Like plasma through the thrusters, so are the seasons of a SCUL pilot
I’ve been designing and producing SCUL calendars annually since 1998, the first of which was inspired from a calendar I saw when I worked as a finisher at Merlin Metalworks in Cambridge, MA. This inspiring tapestry was a promotional calendar produced by President Titanium, which featured glorious images of a single fighter jets in the air, some of which may have even been firing missiles. Each month included some tech specs for captions: something along the lines of ‘The Bobcat-F19 sports a four-by-four por-favor with an output of 6.1 floozeljets, and is capable of trans-sonic loop the loops’. At least it may have well read that—it was gobbledygook to a newly-recruited Herrell’s ice cream-slinger such as myself. At the time SCUL had more ships than pilots, so the plane motif was a perfect fit.
The 1999 calendar was inspired by the television show Space 1999, which for some reason in my distant memory had a baseline motif of rounded rectangles.
The year 2000 was a year I felt compelled to break the mold, and in doing so broke the full-color barrier. At the time it seemed like the right thing to do, but it wound up costing a fortune; luckily Flasher was kind enough to talk Kinko’s down after they had totally botched the proofs, which helped with damage control. The 2000 SCUL Calendar is also the earliest appearance of a typeface I created exclusively for SCUL: “Skunk Display Caps”, inspired from the first hand-drawn SCUL logotype: something fast and hard, and slightly illegible due to it being from the future. At least that was my reasoning at the time.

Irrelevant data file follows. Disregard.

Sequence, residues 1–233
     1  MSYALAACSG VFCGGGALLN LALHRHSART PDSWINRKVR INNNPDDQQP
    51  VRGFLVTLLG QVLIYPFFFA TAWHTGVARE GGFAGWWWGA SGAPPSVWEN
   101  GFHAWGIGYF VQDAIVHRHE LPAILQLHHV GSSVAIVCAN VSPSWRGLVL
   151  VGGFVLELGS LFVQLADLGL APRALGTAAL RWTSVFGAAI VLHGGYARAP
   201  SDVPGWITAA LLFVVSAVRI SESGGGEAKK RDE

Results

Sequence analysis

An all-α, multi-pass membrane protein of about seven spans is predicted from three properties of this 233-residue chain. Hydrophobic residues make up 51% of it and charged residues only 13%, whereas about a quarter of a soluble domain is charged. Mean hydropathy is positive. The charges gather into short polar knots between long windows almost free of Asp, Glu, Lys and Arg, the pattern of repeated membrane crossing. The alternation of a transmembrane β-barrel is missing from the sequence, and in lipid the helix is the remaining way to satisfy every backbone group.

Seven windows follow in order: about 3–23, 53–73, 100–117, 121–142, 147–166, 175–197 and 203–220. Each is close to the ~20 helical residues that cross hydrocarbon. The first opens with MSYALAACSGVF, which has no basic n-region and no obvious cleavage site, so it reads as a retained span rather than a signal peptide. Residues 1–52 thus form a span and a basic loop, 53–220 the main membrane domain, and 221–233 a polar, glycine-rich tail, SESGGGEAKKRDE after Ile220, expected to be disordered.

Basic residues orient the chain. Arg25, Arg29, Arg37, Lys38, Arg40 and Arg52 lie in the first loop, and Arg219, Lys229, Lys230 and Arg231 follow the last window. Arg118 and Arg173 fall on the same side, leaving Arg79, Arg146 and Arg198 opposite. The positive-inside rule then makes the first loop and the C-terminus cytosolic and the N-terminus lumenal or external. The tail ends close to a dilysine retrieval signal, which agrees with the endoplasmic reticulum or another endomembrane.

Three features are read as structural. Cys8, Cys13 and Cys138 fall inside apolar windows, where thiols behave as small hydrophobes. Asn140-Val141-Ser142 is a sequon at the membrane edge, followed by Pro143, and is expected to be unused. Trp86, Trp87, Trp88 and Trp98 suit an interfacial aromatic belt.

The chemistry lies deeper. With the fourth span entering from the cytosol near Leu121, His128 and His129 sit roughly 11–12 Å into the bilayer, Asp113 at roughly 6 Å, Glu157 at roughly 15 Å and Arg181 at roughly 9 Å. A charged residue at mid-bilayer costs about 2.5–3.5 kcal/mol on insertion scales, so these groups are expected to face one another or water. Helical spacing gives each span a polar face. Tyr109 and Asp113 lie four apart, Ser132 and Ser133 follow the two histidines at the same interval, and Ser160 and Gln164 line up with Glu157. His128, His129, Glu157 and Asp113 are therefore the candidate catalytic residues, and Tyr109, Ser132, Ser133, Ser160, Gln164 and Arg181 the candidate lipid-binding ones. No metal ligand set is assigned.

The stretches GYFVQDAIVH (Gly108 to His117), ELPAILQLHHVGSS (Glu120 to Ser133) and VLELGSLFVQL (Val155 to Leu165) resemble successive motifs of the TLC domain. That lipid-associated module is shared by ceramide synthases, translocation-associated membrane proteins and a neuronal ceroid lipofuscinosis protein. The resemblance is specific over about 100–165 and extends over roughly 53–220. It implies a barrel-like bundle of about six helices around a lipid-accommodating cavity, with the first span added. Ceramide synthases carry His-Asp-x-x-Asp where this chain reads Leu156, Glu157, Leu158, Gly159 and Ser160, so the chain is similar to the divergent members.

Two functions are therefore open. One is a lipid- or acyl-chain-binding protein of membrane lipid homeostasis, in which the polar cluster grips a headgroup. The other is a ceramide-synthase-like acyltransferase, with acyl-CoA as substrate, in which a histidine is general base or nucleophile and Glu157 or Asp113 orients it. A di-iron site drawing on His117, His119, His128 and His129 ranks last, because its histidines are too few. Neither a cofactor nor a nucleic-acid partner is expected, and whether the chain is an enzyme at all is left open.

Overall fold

In 2010 SCUL acquired wire-o technology we could go as large as two tabloid-sized sheets, which brings us up to 11×34″ or 22×17″. However SCUL pilot photography comes in both portrait as well as landscape format need to be represented. The square format provides the most amount of possibilities for ensuring important images. Most photographers would rather crop to fit the image (as would I). In the case of the calendar format, square ratio allows for the most amount of image inclusion. If SCUL was a chopper-exclusive or HARV-exclusive gang; the calendar photo would be rectangular.
SCUL Calendar Archive
Unfortunately the electronic versions between 1998-2001 are lost. Here’s a current offering of PDFs of past SCUL calendars: Each year in pictures are intriguing time capsules, in a sense. Keep in mind many of the earlier PDF are layed out for the printers, bookletted style: Some upside-down or rotation-locked trickery may be needed for some of these. Since these files were originally created for print, the files were huge. Please be patient when downloading. I am currently unequipped to offer lower-resolution versions for earlier seasons.
- 2015 Calendar PDF
- 2014 Calendar PDF
- 2013 Calendar PDF
- 2012 Calendar PDF
- 2011 Calendar PDF
- 2010 Calendar PDF
- 2009 Calendar PDF
- 2008 Calendar PDF
- 2007 Calendar PDF
- 2006 Calendar PDF
- 2005 Calendar PDF
- 2004 Calendar PDF
- 2003 Calendar PDF
- 2002 Calendar PDF
- Does the image have a ship or significant icon of SCUL in it?
- Is the image detailed or intriguing enough to look at for a month?
- Do the images represent a window into SCULture?
This calendar would not exist without Seven Cycles for assistance with printing, cutting, and assembly.